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From XNA to MonoGame
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From XNA to MonoGame


May 15, 2013 Article Start Previous Page 2 of 6 Next
 

Getting the Code

If you want to get the code for MonoGame, you will need to install git. There are nice user interfaces for git, but most of the team use the command line. So here are a list of the commands you need to get up and running:

git clone git://github.com/mono/MonoGame.git MonoGame

cd MonoGame

git submodule update –init ThirdParty

These commands will checkout a read-only copy of MonoGame and the required third-party library to get you started. If you want to make changes and contribute back, you will need to fork the repository. Details can be found here.

Content and Assets

MonoGame, like XNA, can make use of .xnb compiled content files. These .xnb files are currently created by the XNA content pipeline; as of this writing, the MonoGame team is working on a cross-platform implementation that will work on Windows, Mac OS X, and Linux, but for now we'll need to use the XNA Content Pipeline. Also it is possible to load some native assets through the ContentManager, so if you have a .png file you want to load directly you can use the same code as you would normally:

texture = Content.Load<Texture2D>("character");

MonoGame will attempt to load an .xnb file first, but if one does not exist, it will fall back onto known native types for that type of object. This feature was originally added to help people developing for iOS and Mac who might not have access to a Windows machine to build their content. (See Figure 1 for a table of available formats for class types.)

Figure 1: Available formats for class types.
* - PVRTC compressed only, ** - Must be generated by the MonoGame Content Processor

As you can see from Figure 1, on Android you cannot make use of the .xnb files for SoundEffect or Song types; you must use the native type for that platform. This is due to the limitations of the SoundPool and MediaPlayer classes on Android. (Some of these restrictions will be removed as time goes on and the framework matures.) Also, some of the platforms only support .xnb files for certain types; this is because it is more efficient to use the compiled and optimized content for those types. For example, it's more efficient to pre-process a Model at build time into an optimized format than it is to load an .fbx file at run time and decode it on a mobile device.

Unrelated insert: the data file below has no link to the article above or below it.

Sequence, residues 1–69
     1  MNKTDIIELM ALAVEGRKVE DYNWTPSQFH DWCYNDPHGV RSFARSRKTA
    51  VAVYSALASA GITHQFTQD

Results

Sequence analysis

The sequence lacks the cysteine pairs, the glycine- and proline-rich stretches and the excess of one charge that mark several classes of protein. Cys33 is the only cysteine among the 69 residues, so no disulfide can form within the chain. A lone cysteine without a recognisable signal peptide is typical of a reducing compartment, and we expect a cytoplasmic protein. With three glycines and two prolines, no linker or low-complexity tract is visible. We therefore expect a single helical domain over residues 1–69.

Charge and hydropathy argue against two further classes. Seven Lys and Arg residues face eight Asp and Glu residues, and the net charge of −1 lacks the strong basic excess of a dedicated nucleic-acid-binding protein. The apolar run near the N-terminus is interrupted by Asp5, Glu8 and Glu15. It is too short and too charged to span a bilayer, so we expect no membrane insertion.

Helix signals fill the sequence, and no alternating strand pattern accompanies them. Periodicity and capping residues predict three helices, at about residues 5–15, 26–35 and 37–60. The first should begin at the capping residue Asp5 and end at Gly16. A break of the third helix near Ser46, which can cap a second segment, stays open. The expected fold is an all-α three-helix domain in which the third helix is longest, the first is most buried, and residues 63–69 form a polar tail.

Fortunately, the MonoGame framework comes with some tooling that we use to extend the existing XNA content pipeline to produce the content we need -- though since it relies on the XNA framework, this will only work in Windows. You can create a "MonoGame Content Project" within Visual Studio 2010, which will create a normal XNA Content project and an XNA project that will in turn build the content project. Both have all the required references and MSBuild target imports to allow it to use the MonoGame Processors.

Now, when you add a new asset to the content project and select the type of Processor you want to use, you will see a number of MonoGame-related processors: "MonoGame - Effect," "MonoGame - Texture," and so on. These processors will do some custom processing on the asset to optimize it for the platform you are targeting (see Figure 2).

Figure 2: Example of optimized internal .xnb formats

The new Builder project has a number of build configurations for each platform, so if you are building for iPhone you can choose the iOS configuration. If you are building for the Windows Store choose the Windows 8 configuration. The resulting output files will be placed in bin\<Configuration>\Release, so if you are building for multiple platforms, you will end up with a directory for each platform you are targeting. The last step is to add these files to the Content directory of your project -- you can do this easily by using the "Add as Link" feature in Visual Studio and MonoDevelop. This way, you can just link to the file without copying it to the project directory, which is great because if you change your content and compile it using the Content Builder, it will be automatically picked up the next time you compile your application. Note that depending on the platform you are targeting you need to set the BuildAction correctly for your assets file to be included in the final application package. 


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